The band took the stage and was met by boisterous cheers. A keyboard bisected the stage, and Pelant stood to the side of it, his hair almost covering his eyes. To his left, Alfano; over to the right side was electric guitarist Charles Murlowski and in the back was Mark Hanson on drums.
The venue’s dim lights cast an appropriate atmosphere as this group began the set, starting off with “Border on Border,” one of several dreamy tracks from the 2016’s Pennied Days, an outstanding follow up to the band’s first album.
Noticeable to anyone who wasn’t familiar with the sounds of Night Moves — which reportedly is not a Bob Seger reference — would have been the way that songs like this one deep dive with a decided emotional aim and hanging right on every moment of the luscious instrumentation is Pelant’s trademark tenor.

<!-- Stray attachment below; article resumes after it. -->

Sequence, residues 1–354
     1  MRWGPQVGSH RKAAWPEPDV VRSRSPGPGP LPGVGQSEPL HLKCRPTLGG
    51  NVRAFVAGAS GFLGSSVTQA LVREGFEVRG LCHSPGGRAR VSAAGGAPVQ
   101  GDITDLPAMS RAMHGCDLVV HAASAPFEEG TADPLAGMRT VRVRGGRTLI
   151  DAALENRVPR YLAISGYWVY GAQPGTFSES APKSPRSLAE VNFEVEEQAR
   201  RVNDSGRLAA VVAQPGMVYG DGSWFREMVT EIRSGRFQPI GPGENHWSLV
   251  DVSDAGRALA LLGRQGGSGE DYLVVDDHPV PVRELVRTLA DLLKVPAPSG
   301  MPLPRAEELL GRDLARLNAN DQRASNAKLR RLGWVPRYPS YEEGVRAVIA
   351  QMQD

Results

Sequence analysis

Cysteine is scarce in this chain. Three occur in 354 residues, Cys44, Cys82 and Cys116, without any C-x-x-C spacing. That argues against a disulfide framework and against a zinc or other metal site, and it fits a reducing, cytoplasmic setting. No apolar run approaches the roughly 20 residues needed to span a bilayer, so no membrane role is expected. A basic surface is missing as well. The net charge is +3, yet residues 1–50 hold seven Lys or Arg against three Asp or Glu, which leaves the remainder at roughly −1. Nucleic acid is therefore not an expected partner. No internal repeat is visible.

Heading into the title track of the band’s first album, which Domino polished and rereleased in 2012, it spoke to its early vision to concoct a vintage, ethereal semblance. The crowd was more than willing to groove along to this catching, hypnotic number that saw Pelant tilt his head back and raise his voice high to give the track an infectious ardor. Exacting a deep mood with every note, Alfano displayed a shrew funkiness as the foundation builder.
“Feel Another Day,” a track on the band’s summer 2022 EP The Redaction, featured Pelant’s abiding voice at the forefront, and he showed himself to be a fantastic performer in belting out these pleading words as the song billowed and drifted, and Murlowski proved to be an incredible presence with the timing and intensity of any move he made, and his solo about halfway through this song was masterful. This brought the entire band together in a cooing harmony, with the unrelenting Hanson too giving it his all from the drumkit, a gorgeous tune from start to finish.
Watch the official music video for Night Moves’ single “Vulnerable Hours” via the band’s official YouTube channel:
“It’s nice to be in Baltimore,” John told the audience, keeping it simple. “We’re from Minneapolis — made in Minneapolis.”